Stylistically, Evo Racers are all about chic cafe racer elements and tight proportions, but they remain fairly close to stock from a mechanical standpoint. That’s perfectly reasonable, of course, because Ducati’s titans come with abundant power and premium running gear straight from the factory. I mean, don’t fix it if it ain’t broke, right?
Pictured in this article’s photo gallery is the very first machine put together by David and his crew as part of their Evo Racer program. The bike had previously been a 1098S from the model-year 2009, which acted as a proving ground for NCT’s ideas and was finalized in 2022. They scored the Italian sport bike from a nearby dealer, took it back to the shop, and had it dismantled to figure out how their transformation would unfold.
It all eventually began at the rear end, where you will now spot a custom subframe creating a straight, cafe-style bone line. The motorcycle’s reworked posture is undeniably ferocious, even more so than a stock 1098’s already-aggressive stance. Atop the new subframe, the Austrian workshop fitted a bespoke seat pan and tail section, both made of carbon fiber in-house.
NCT’s specialists placed a handmade leather saddle right ahead of the cafe racer tail we’ve mentioned above. This fresh seat is flanked by pointy side panels, which were also shaped from scratch with some good old carbon fiber. The same material appears in various other places, too, in the form of replacement timing belt covers and a tailor-made chain guard.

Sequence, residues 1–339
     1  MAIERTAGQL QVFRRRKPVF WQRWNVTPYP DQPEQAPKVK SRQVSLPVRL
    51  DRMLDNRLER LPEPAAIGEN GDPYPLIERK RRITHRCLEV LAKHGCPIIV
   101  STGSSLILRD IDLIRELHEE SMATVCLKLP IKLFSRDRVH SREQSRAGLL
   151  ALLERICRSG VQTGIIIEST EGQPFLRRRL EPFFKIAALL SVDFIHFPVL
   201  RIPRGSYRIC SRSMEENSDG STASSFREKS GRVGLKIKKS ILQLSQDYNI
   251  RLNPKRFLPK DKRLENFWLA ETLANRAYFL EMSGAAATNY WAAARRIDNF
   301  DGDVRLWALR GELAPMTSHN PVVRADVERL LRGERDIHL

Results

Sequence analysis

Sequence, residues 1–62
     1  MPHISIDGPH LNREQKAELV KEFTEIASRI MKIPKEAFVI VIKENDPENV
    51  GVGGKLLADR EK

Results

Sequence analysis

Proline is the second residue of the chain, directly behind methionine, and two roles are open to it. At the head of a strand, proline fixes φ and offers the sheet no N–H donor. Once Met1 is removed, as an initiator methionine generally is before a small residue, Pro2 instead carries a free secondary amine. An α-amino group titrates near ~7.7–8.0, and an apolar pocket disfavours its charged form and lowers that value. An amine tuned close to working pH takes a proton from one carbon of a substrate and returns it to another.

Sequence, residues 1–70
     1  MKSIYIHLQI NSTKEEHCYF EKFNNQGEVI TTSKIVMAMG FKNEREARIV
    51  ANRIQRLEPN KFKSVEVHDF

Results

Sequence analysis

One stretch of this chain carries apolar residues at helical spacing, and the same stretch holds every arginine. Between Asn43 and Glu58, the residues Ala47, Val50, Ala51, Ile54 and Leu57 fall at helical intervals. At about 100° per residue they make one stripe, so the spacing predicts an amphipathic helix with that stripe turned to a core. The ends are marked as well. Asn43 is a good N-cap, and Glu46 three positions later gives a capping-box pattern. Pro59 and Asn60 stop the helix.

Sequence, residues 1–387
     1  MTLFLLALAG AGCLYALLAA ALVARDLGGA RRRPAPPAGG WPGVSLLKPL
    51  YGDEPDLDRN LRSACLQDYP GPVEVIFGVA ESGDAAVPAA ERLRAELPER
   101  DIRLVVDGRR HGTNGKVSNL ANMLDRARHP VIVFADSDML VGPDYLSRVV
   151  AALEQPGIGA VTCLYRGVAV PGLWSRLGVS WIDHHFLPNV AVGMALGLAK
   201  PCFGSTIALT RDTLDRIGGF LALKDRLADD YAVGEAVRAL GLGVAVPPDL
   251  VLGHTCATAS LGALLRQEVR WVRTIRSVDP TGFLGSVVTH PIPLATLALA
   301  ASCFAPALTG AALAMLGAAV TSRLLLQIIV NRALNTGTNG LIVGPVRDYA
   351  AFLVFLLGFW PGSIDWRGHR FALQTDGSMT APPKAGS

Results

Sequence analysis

As you can imagine, the removal of this 1098’s fairing revealed some of its ugly electronics, and these have all been relocated behind the CFRP side covers. NCT then installed an aftermarket LED headlight by way of custom-built mounting hardware, before moving southward to the Duc’s cockpit area. There they added a pair of billet aluminum fluid reservoirs that look infinitely better than the factory parts.
In addition, we come across adjustable control levers and bar-end blinkers, the latter hailing from Motogadget’s inventory. Just like the license plate holder, Rizoma mirrors were sourced for the project but kept off while photographer Peter Pegam was working his magic with the camera. Everything else in the rider’s view remains stock, including the instrument cluster, clip-on handlebars, and fuel tank.
An ECU remap was carried out once the pipework had been secured in place, enabling the twin-cylinder motor to make the most of its new exhaust. The engine is said to have gained an additional 20 hp at the crank following the whole procedure, thus putting a total of 180 ponies in its stable. Impressive though this figure may be, it’s only one part of the equation.
The other has to do with weight, and this particular Evo Racer tips the scales at a mere 345 pounds (156 kg) on an empty stomach. That gives it an insane power-to-weight ratio, but the stunning color scheme is what makes everything come together nicely. It’s a tasteful mixture of British Racing Green, black, and gold highlights complemented by the Ohlins suspension.
Lastly, NCT hasn’t revealed any pricing information on their Evo commissions, so interested parties will need to get in touch through the firm’s website to find out more. Regardless of the cost, you’ll be sure to get your money’s worth from these Austrian gurus, and worldwide shipping is also a rather convenient detail to top it all off.